Sexist attitudes are pervasive. It’s up to risk-taking women to change the tech game.
From time to time, I’m reminded that for every two steps forward, we take one step back.
The latest reminder came last week when reading The New York Times front page story “As Inequality Roils Tech World, a Group Wants More Say: Men.” This story, and some of the men quoted in it, reminds me of the hell I went through to become a successful woman in the technology industry. That a growing contingent of men in Silicon Valley think the women in tech movement has gone too far makes me believe we have only gone backward.
This is 2017. The same sexist attitudes were being thrown around more than 30 years ago when I fought to get my start in tech in New York City. But to read these insults today was nevertheless jarring. James Damore, the same Google engineer who was recently fired for suggesting women held fewer tech positions than men because of biological inferiority, told the Times that the idea that “diversity improves workplace output, it’s not scientifically decided that that’s true.”
Actually, it is. In a 2016 analysis of 500 U.S. companies, the National Center for Women & Information Technology found that organizations with more diverse teams in terms of race and gender had higher sales revenue, more customers, greater market share and greater productivity than their less diverse counterparts.
What’s more, there aren’t that many women in technology to begin with, a point on which The New York Times ended their story. According to Girls Who Code, only 24 percent of computer scientists are women – down 13 percentage points since 1995. The organization warns that if the gender gap is not addressed, there will only be 2 female computer scientists for every 9 male computer scientists in 10 years. The numbers are even bleaker at the top of the sector’s food chain: Only 5 percent of leadership positions are held by women.
I’m incredibly humbled and proud to call myself part of the 5 percent. The men that feel victimized in this New York Times story are not that different from the men I battled in the 1980s and 1990s, when women in technology were a laughing matter. After being mistreated, offended and underestimated long enough in an industry rife with systemic sexism, I realized this was the status quo. I understood I had to create my own rules to be successful in this industry. So, I decided, quite literally, I wasn’t going to work for “the man” anymore. I decided to open my own firm.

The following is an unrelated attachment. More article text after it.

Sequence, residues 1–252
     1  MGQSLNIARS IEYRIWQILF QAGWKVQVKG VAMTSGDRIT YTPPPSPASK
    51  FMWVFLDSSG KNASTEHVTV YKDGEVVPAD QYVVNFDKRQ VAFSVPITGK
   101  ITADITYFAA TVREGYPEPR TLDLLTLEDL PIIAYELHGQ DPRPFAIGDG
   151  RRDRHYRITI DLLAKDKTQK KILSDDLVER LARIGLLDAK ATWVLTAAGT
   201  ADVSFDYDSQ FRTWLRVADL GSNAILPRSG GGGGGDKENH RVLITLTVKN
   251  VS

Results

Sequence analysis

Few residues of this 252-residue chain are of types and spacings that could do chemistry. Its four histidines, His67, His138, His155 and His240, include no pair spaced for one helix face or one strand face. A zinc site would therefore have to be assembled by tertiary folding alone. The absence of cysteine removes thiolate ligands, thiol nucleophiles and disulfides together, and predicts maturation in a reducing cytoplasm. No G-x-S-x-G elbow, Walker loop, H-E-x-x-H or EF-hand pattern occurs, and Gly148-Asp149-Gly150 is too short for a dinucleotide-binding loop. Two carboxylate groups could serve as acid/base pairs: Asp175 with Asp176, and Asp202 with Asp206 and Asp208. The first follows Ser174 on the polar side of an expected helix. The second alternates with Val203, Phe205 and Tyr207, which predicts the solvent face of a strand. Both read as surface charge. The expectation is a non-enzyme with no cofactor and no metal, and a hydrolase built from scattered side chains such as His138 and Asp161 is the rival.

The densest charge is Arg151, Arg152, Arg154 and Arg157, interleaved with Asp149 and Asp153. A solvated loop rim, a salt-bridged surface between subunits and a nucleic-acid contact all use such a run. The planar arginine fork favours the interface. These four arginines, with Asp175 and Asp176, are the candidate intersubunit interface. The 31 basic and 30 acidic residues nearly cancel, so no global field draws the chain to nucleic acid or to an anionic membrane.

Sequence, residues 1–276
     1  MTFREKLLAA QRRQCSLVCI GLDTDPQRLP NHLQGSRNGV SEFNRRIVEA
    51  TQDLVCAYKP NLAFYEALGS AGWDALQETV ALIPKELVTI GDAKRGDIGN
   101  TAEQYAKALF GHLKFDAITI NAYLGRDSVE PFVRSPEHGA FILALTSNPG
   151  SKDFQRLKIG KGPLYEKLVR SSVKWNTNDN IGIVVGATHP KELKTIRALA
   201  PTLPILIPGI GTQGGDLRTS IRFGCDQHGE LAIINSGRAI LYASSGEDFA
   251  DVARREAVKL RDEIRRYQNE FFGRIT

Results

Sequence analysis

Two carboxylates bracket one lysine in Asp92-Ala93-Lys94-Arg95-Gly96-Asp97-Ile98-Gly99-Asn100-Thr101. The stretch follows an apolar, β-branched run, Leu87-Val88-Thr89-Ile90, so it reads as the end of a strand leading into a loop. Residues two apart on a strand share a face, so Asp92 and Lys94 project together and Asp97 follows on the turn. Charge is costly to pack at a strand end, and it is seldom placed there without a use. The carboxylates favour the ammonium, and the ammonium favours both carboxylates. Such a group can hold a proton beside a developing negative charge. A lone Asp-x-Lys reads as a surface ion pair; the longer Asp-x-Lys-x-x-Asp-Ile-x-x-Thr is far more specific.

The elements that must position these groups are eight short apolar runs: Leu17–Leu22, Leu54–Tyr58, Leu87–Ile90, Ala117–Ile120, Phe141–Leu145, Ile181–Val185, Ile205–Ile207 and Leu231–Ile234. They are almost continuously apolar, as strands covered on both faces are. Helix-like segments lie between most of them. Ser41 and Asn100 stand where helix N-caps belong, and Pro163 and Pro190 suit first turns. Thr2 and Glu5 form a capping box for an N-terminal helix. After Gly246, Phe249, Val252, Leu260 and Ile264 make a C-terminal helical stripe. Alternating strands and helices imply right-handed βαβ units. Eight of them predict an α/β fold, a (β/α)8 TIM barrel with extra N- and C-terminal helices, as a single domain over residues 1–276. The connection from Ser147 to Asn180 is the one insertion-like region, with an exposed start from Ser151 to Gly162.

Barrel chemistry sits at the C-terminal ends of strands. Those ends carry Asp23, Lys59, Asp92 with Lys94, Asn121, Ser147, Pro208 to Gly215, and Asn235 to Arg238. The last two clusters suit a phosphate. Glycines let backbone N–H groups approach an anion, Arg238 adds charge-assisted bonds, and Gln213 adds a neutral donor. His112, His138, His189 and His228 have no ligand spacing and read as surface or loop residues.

I knew I could build a technology services firm with more integrity, ingenuity and commitment to client services than any I had come across. That’s exactly what I did in 1984 with my first company, Turn-Key Solutions. It did so well I was able to sell it six years later to start the technology consulting company I operate today, Sharp Decisions.
But things were still an uphill battle. As a new CEO with Turn-Key and Sharp, I wore many hats – not only was I the CEO, but the chief financial officer, vice president, account executive, human resources manager and receptionist. It was never easy, especially when I had to pretend to be another person. That wasn’t just once, either. I remember a client called once, expecting to hear from a man, so I pretended to be the CEO’s receptionist (in a way, I was). Another time, I hired an actor to play the role of my CEO during a big client pitch in Tennessee. Again, I went as the assistant. This client, by the way, is a multi-billion-dollar logistics company.
I took big risks to be seen for what I am: a businessperson in the tech world. And it’s that type of risk-taking that should continue. Women should continue persisting, speaking up for what they believe in and taking risks to show their skills and value. They should, whenever possible, look to rewrite the rules.
Because the road to 6 percent is paved with those women.